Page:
Review GLOBAL PREVALENCE OF NON-COMMUNICABLE DISEASES MORBIDITY AND COMORBIDITY AMONG ELDERLY INDIVIDUALS: A SYSTEMATIC REVIEW OF OBSERVATIONAL STUDIES
Keywords:morbidity, comorbidity, factors, elderly, systematic review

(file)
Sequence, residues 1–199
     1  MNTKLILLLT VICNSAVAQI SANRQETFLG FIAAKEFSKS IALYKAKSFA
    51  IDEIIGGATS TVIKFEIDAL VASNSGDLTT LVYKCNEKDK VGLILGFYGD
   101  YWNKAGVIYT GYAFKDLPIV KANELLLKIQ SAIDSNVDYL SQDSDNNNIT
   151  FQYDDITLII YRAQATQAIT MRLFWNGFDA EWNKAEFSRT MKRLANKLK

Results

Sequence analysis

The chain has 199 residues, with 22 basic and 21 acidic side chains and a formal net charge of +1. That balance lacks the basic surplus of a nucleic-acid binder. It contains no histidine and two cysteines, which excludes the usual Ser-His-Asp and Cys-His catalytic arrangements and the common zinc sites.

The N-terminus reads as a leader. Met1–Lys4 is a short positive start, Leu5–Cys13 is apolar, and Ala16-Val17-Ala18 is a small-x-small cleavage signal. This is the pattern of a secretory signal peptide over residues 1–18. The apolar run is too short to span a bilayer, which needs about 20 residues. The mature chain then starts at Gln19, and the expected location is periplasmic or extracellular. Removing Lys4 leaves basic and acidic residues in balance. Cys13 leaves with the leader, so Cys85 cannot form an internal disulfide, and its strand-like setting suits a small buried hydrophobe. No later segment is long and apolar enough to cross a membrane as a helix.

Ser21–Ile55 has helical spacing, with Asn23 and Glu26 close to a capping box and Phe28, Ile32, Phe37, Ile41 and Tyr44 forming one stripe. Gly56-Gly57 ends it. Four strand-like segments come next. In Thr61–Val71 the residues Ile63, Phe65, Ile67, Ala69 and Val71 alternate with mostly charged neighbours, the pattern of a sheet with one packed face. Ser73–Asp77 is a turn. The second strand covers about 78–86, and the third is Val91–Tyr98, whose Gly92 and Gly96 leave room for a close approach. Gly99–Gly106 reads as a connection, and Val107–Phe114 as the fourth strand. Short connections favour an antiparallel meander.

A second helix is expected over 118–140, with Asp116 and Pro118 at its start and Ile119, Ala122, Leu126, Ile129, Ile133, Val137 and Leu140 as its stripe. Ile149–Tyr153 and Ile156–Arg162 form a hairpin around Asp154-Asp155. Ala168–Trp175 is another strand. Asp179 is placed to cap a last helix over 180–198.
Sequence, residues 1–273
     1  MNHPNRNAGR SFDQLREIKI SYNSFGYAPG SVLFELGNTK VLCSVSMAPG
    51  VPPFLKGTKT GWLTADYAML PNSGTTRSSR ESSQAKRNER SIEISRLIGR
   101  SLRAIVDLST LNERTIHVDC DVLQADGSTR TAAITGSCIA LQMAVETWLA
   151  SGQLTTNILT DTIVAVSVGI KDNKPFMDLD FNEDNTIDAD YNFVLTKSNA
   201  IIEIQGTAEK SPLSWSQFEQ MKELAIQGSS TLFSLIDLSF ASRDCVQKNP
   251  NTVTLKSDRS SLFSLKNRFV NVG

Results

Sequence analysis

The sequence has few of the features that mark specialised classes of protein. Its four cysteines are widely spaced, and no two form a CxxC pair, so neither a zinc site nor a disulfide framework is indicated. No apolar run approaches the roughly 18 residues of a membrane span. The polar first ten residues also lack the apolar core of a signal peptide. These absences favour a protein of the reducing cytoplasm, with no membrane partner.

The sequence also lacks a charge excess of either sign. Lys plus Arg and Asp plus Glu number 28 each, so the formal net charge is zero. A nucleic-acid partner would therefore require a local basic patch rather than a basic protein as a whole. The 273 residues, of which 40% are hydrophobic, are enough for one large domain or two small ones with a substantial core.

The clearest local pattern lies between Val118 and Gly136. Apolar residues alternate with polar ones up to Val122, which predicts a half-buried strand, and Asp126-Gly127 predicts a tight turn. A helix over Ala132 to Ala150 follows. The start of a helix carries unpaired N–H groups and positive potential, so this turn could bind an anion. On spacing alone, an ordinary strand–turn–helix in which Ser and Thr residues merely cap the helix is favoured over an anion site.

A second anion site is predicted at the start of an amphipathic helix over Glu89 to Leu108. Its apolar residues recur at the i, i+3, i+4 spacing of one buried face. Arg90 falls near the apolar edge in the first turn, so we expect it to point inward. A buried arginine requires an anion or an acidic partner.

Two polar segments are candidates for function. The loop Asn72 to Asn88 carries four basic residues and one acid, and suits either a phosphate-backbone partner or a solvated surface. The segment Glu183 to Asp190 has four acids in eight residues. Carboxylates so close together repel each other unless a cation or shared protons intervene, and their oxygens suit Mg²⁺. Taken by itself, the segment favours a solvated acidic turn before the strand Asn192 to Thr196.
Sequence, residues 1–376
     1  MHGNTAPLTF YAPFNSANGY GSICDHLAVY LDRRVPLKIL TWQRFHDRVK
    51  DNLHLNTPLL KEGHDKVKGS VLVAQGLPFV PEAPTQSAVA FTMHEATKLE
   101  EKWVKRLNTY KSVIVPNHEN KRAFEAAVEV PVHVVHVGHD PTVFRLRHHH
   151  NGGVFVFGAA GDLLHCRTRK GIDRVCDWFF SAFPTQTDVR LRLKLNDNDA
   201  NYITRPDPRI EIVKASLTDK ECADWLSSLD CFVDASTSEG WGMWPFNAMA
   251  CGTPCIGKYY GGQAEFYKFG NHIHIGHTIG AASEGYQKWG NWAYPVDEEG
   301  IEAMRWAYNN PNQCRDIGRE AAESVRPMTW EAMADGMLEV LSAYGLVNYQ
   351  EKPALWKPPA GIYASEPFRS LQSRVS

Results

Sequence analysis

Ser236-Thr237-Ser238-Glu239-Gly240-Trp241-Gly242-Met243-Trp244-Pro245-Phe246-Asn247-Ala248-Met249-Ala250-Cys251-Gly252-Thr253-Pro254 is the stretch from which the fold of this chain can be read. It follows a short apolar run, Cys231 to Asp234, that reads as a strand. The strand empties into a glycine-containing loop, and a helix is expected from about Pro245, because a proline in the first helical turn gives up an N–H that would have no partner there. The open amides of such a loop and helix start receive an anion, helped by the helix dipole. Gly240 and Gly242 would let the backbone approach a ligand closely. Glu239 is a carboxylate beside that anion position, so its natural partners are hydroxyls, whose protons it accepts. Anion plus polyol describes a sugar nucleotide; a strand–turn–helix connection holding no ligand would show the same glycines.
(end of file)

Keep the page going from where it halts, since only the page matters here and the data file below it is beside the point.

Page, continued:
A systematic review was carried out to assess prevalence of noncommunicable disease morbidity and comorbidity in relationship to socioeconomic, behavioural health and environmental risk factors for among elderly people globally. Observational studies were culled from public databases, such as PubMed, SCOPUS, Science Direct, and Google Scholar from January 2015 to December 2020, and a Newcastle-Ottawa Quality Assessment Scale tool and PRISMA 2009 checklist were used to assess risk of bias in selected material. Analysis was performed using a weighted mean of morbidity prevalence and disease subgroup together with an R program for data analysis. Among 16 eligible studies and 14 cross-sectional studies weighted mean of morbidity and comorbidity prevalence was 75.1 and 60.6% respectively. NCDs constituted mainly coronary heart disease, diabetes mellitus, hypercholesterolemia, hypertension, and stroke, with hypertension having the highest prevalence among all subjects (62.2%), both females (65.9%) and males (65.4%). In the elderly population individual and behavioural risk factors were the main categories related to morbidity, with behavioral risk factors contributing to comorbidities. In conclusion, morbidity and comorbidity prevalence are high among the elderly population worldwide. Diabetes mellitus and hypertension are the most common illnesses. Age, socioeconomic status, environmental settings and behavioral risk factors influenced comorbidity occurrence.